Associations Between Perceived Support in Older Adult Marriages and Dyadic Covariations in Momentary Affect and Aches

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Spousal support within marriage may be particularly important in old age when spouses become more likely to rely on each other’s help. However, spousal support does not have to be unanimously positive. In fact, very little is known about covariations in spousal affect and aches as couples engage in their daily routines and environments.


Up to 27 simultaneous, momentary assessments from 49 older adult married couples (M age = 72 years [60–83]; M relationship duration = 42 years) were used taking into account the perspective of both partners.


This study shows that social support within marriage was associated with reduced overall levels of negative affect (NA) but unrelated to positive affect (PA). Interestingly, high spousal support was both associated with reduced overall NA means but also with an increased covariation in NA between partners. No similar covariations were observed for aches and PA.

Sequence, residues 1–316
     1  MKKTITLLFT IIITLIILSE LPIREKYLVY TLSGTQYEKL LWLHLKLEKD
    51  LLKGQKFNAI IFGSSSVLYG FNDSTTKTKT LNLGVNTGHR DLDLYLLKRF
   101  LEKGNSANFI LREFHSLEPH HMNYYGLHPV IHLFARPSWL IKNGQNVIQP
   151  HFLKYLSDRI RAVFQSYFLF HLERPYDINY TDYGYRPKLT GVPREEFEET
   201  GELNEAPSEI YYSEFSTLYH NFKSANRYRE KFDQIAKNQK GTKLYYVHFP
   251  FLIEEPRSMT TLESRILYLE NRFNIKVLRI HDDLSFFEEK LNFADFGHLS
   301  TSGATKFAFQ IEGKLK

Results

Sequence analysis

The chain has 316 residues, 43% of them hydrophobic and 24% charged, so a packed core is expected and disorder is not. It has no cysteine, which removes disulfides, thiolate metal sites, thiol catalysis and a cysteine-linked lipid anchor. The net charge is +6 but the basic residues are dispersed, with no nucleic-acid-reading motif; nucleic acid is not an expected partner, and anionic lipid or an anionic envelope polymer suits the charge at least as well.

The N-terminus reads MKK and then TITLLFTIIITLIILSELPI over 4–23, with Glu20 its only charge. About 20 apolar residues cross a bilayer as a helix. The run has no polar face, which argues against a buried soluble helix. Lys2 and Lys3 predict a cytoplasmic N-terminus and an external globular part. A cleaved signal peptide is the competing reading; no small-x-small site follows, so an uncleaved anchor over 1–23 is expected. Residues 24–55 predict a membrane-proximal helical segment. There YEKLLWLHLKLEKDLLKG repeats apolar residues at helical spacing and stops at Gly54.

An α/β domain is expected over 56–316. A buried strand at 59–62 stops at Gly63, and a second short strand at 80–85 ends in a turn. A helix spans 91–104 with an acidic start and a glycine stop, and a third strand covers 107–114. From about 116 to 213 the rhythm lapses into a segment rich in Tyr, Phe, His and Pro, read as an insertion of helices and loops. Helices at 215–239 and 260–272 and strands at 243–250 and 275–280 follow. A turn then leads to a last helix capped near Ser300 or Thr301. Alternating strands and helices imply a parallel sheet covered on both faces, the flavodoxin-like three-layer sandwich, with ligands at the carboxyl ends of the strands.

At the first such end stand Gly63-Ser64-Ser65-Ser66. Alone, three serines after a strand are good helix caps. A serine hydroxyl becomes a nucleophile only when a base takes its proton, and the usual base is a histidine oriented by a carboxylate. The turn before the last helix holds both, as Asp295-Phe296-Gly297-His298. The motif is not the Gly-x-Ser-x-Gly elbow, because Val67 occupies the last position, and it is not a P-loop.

Spousal support may be a double-edged sword; it is associated with reduced overall NA, but it may also lead to more permeable boundaries between spouses that seem to be specific to NA.

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